kpsewhich -var-value TEXMFLOCAL. The userspecific texmf-local should be:
Assuming nither of these commands spit out an error message, then you've successfully installed Gregorio and are ready for the Next Steps.
Alternate Installation Locations
By default the automatic installation process will install gregorio in
/usr/local/ and GregorioTeX into they system-wide texmf-local. If you wish to change these destinations, then you can add arguments to the build and install instructions to that effect:
sudo ./install.sh dir:/path/to/custom/texmf
Most Recent Development Version
In addition to TeXLive, to build from the repository you will also need to get several build tools with your package manager. On Ubuntu/Debian/Mint execute the following in a terminal window:
sudo apt-get install git autoconf libltdl7-dev flex bison fontforge python-pygments
Nota bene: You may, should you so choose, use a different pacakge manager, such as
aptitude. If you are using a different Linux distribution, then the names of the packages you need may be slightly different.
If you intend to contribute to development, then you'll also need the following:
For building gregorio versions prior to 4.0 this additional dependency is needed:
To get the development version, create a local copy of the repository of the project, with the command:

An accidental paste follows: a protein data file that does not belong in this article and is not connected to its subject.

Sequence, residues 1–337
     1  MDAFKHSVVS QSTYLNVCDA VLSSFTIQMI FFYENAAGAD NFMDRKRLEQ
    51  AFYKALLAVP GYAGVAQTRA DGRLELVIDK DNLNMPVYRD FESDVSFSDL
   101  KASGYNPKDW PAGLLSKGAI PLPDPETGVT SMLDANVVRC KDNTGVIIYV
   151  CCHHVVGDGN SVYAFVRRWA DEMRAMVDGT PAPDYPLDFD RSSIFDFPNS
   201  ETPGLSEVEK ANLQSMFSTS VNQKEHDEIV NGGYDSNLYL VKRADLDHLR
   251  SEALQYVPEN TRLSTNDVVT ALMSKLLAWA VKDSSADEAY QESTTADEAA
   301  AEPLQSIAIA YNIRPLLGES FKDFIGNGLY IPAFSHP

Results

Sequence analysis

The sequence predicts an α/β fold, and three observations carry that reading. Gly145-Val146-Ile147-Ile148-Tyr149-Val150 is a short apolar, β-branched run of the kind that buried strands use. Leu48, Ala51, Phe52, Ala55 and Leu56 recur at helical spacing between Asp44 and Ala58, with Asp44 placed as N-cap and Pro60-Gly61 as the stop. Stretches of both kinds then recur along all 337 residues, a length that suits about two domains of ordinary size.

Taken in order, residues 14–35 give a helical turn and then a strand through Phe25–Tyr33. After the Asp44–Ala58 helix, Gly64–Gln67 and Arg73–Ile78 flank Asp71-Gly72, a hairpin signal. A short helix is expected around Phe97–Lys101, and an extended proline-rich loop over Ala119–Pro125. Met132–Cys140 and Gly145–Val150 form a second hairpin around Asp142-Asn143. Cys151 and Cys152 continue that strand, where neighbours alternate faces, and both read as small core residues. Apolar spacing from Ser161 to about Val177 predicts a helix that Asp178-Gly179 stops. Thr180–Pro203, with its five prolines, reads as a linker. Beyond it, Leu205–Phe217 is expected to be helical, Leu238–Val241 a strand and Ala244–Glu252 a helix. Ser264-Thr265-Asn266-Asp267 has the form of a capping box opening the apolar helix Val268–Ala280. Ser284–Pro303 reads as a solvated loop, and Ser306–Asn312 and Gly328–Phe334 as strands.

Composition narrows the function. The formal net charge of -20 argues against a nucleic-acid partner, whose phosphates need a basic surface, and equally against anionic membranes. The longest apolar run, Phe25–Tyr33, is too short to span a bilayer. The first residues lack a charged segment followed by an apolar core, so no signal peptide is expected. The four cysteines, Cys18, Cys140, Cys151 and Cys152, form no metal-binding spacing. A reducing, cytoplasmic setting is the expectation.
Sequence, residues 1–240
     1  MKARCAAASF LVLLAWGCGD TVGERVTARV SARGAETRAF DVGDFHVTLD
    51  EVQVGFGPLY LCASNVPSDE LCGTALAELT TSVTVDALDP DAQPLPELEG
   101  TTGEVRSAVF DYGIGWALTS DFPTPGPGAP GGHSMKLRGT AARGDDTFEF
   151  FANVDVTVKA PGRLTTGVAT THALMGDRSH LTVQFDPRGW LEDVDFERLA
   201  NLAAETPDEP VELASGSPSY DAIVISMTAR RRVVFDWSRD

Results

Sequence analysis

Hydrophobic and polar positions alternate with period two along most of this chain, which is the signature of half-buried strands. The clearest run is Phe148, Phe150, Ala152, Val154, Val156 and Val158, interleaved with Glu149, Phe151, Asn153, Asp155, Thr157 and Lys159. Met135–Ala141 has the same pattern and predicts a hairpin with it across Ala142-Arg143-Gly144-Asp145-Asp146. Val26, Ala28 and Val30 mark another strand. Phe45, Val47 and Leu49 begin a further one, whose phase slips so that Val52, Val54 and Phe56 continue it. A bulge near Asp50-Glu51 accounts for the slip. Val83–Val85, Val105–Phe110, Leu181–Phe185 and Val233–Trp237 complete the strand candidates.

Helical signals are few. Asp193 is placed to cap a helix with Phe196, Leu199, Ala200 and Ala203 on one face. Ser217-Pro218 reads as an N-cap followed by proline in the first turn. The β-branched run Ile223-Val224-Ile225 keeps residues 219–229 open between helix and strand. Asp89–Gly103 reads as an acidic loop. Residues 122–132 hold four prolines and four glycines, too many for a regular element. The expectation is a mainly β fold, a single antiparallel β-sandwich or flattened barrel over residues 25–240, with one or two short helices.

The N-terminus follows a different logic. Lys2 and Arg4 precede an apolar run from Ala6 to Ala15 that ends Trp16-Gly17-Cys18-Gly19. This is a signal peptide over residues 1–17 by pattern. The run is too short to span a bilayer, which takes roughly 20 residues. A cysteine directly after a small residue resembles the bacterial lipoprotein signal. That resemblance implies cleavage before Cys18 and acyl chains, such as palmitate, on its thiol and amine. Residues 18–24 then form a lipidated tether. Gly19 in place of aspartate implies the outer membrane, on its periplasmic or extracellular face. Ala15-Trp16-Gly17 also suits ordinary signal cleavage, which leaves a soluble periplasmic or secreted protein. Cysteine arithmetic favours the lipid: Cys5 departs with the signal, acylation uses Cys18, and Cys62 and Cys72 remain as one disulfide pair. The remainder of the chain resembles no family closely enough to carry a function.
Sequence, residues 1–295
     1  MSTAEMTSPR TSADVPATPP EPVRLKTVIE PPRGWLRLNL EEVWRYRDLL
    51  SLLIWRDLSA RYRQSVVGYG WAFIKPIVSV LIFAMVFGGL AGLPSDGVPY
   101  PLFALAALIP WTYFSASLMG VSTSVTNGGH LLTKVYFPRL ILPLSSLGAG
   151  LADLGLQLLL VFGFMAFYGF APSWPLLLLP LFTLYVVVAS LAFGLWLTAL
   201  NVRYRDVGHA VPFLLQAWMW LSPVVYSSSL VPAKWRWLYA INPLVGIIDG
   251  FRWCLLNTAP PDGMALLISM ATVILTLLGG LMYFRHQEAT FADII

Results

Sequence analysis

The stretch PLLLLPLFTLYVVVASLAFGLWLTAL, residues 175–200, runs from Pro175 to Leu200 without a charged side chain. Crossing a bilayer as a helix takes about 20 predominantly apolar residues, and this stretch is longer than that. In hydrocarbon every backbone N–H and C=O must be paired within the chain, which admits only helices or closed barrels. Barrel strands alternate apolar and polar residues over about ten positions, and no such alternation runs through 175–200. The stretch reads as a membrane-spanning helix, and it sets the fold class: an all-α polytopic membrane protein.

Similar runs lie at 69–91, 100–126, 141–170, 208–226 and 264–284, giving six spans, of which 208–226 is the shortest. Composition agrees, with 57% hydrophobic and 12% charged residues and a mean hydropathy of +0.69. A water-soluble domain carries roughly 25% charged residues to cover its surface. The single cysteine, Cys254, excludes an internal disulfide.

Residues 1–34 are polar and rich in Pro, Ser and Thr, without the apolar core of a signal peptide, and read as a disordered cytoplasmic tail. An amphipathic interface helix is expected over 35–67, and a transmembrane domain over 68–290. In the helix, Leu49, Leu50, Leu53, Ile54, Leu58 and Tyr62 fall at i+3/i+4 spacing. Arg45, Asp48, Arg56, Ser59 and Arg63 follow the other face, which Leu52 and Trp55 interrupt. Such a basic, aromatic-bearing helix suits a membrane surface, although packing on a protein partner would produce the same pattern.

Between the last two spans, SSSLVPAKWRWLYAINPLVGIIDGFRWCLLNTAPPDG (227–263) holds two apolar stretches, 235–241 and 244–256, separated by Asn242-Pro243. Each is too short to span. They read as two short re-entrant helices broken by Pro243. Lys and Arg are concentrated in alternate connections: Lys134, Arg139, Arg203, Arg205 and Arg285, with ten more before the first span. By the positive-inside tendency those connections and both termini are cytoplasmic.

git clone --depth 1 -b develop https://github.com/gregorio-project/gregorio.git gregorio-git
Nota Bene: This clone command uses several options to limit your download size to just the most recent development branch. If you're familiar with git, feel free to clone the whole repository. Just remember to switch to the develop branch (or whichever branch you want to install) before going on to the next step.
Building & Installing
To build from the git repository, you will need to configure the build first. This can be done manually, as you would for any other package built from source on Linux, but our build script is capable of detecting the need to do this and executing the necessary commands sos you can simply follow the same build and install instructions as above.
Should you need to force your system to go through the configuration process again for some reason, there is an option for our build script which allows that:
To update your git version, you just need to go into the directory containing the source files (assuming you kept them), run
git pull and recompile with the same commands.
If you've used TeX before, then you probably already have a preferred workflow which will need only minor modifications to make Gregorio work within it. Please consult the instruction page appropriate to your work flow. (You can find a list of the instruction pages here.)
If you're new to TeX, we suggest that you make use of TeXworks. It's a basic IDE (integrated development environment) for using TeX and family and will provide you with a friendly GUI (graphic user interface). You will need to configure it for Gregorio. Once that's done, just follow the basic inscrutions for how to use Gregorio. We also strongly recommend going through the tutorial as it provides the easiest introduction to the workflow that we have devised.